Murdoch Mysteries, which premiered in Toronto last night and around the country on other nights this week, knows just what kind of a show it is and shares that information with us right up front in the teaser.
The opening episode “Power” written by RB Carney, is a typisode; just an ordinary episode of the series with no setup elements. But we don’t need them to understand exactly what this series is.
The first shot is of a man is juggling lightning bolts. A carnival atmosphere surrounds him. Smoke and flares wow the crowd in their hats, ties and long dresses. We know immediately we’re in for some light-hearted entertainment. Leave your cynicism back in the year 2008. Murdoch Mysteries is gentle, old fashioned series in which the era (late 1800s) is a pervasive and satisfying story element.
The opening has a great lick in which we are led to believe that a dog is about to be killed. The lovely wide-eyed Edna pleads with police officer George Crabtree to help her save the dog’s life. Alas, George’s hands are tied and the dog is lead onto stage where the demonstration of alternating current is designed to electrocute the poor beast.
The stakes are a dog’s life. He’s going to be killed before our very eyes. It is very compelling; you can’t help but move to the edge of your seat and worry.
And the switch is thrown. The dog is still alive! A moment of relief, until we notice that the beauty queen who threw the switch is writhing and twitching, unable to let go of the handle.
She is the one who has been electrocuted.
She is the one who has died as we watched.
It’s an incident we’ve never seen before.
The story has already given us two sharp turns and we’re not even out of the teaser. We have also already been introduced to all the major players in the episode as well as Nikola Tesla, the Serbian electrical engineer who demonstrated wireless communication way back in 1893.
The teaser immerses us in the story elements that make the show: science, mystery, romance and the peculiarities of life at the turn of the last century.
In terms of the mystery element, there is no greater master of the art of creating the mystery than Murdoch showrunnerwho has fashioned dozens and dozens of television mystery plots in his day. The series is styled in the tradition of Agatha Christie, offering up a whodunit that we can try to solve along with Murdoch. If Murdoch falters in his investigation it is only because the writers are giving us a chance to catch up.
An old fashioned solve-along murder mystery always offers up the suspects early and so does Murdoch. In this first episode, there are three possible murderers. We meet all of them in the tease. In the acts that follow, suspicion falls on one after the other as new evidence comes to light. We can play along, guessing what each new piece of evidence means and developing our own theory of the crime. The mystery is very accessible and is written to invite us in, to play along and figure it out with Murdoch, who always shares his reasoning with us.
The science is cool and quirky. Science as a story element is in no way novel these days. CSI and mysteries of the a similar ilk have immersed us in cutting edge science. But Murdoch has it’s own unique take on science. It views it from a historical point of view. And the science at the turn of the last century is actually even cooler than it is now. Tesla was a man way before his time and his appearance in this first-to-air episode lets the science geeks among us know this show is for them.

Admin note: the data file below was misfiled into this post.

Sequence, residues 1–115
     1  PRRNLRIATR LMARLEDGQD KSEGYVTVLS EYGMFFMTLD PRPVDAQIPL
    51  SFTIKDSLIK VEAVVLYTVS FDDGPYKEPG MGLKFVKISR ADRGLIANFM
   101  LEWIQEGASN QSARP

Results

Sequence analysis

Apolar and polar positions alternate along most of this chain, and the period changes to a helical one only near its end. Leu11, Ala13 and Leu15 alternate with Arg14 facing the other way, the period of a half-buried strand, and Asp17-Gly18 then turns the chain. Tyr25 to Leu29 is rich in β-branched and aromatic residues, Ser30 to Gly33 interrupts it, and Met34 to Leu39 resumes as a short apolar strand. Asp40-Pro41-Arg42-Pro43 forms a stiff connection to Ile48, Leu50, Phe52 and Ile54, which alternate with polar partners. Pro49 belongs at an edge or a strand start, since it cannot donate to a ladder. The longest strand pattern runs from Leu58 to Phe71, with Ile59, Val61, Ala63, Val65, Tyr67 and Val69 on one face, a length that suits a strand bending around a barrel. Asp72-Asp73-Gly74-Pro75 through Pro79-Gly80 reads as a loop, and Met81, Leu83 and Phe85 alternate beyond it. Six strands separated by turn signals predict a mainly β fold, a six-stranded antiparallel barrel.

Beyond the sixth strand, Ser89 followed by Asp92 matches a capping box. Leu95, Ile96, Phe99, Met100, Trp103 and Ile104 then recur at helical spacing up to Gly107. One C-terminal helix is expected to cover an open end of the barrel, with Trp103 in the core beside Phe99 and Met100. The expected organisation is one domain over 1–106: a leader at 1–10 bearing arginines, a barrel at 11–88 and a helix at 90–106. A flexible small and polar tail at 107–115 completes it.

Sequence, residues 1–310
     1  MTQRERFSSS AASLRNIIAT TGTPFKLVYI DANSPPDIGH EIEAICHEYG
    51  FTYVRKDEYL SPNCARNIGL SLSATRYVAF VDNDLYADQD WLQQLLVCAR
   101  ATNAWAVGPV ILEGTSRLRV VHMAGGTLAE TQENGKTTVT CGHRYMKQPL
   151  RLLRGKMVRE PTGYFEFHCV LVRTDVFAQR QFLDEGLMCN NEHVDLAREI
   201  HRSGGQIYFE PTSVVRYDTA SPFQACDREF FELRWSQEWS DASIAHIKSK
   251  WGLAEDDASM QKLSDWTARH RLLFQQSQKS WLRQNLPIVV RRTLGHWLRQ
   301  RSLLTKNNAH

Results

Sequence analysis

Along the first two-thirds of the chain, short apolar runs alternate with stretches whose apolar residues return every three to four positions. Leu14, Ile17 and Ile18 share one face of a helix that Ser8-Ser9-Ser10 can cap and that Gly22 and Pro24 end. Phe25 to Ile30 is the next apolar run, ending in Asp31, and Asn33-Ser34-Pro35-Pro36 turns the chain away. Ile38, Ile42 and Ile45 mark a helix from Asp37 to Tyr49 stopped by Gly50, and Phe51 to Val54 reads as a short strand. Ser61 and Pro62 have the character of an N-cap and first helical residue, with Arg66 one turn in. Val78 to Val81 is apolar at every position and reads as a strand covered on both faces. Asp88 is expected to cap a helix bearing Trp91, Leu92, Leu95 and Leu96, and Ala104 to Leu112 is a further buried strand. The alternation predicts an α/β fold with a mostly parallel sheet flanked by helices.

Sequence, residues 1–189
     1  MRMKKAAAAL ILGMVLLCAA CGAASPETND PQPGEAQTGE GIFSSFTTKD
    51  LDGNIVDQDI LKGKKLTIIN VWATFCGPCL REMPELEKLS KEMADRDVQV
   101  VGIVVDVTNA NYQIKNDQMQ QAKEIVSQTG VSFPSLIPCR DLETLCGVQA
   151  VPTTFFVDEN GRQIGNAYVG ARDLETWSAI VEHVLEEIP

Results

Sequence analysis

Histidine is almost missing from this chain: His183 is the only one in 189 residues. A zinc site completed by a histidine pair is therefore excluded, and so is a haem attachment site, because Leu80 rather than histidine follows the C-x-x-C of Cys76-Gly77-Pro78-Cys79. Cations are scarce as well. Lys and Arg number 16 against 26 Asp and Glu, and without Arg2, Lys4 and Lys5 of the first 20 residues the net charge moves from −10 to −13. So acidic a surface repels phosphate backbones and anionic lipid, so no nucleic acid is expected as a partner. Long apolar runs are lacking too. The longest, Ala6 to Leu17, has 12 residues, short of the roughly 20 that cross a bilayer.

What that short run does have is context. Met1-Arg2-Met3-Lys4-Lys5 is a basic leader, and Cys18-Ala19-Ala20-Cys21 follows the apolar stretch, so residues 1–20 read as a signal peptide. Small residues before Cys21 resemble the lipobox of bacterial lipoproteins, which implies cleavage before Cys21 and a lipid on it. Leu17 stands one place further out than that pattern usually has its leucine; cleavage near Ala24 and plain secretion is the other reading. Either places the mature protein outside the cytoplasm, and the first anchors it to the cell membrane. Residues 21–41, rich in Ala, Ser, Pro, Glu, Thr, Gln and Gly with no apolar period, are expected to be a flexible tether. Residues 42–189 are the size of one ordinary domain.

But not just for them.Because the romantic story line that plays quite prominently in this episode draws a quite different crowd to the screen. There is a beautiful sequence when Edna opens her door to find George Crabtree standing there with a pot of violets. She rebuffs his advanced until he tells her that the flowers aren’t for her. They’re for her dog. He invites the dog for a walk and begs Edna to come along as chaperone. This charming and original scene is enough to hook any fan of the chick lit genre.
And there’s one more story element in Murdoch that’s sure to please. That’s the era. The setting, in the late 1800s, infuses every element of the story. It’s not just in the costumes. The plot itself revolves around the move from direct to alternating current; an event of the time period. The way the characters interact is rooted in the time. The series seems to be written with a wide-eyed optimism; a kind of turn-of-the-last-century cheerful confidence that anything is possible and everything will turn out well. Even the dialogue has been shaped to convey an old fashioned ness.
Seeing how communication and transportation are achieved back then is pretty fascinating. In the same way we’re wowed by cutting edge science and technology in a CSI, Murdoch’s 19th century methods are really intriguing, but also funny. We can’t help but laugh when we see Murdoch on his bike. We need to know how he will accomplish ordinary tasks without his cell phone. How is a romance conducted when the doors to a young lady’s boarding house are locked at 10 pm?
From a screenwriting point of view, I suspect the era is a real challenge and a lot of fun to work with. Murdoch certainly makes it fun to watch.
Murdoch gives us a real wealth of story elements in an anthology format. Between the science, romance, mystery, history and humour we have every reason to go back to this show week after week.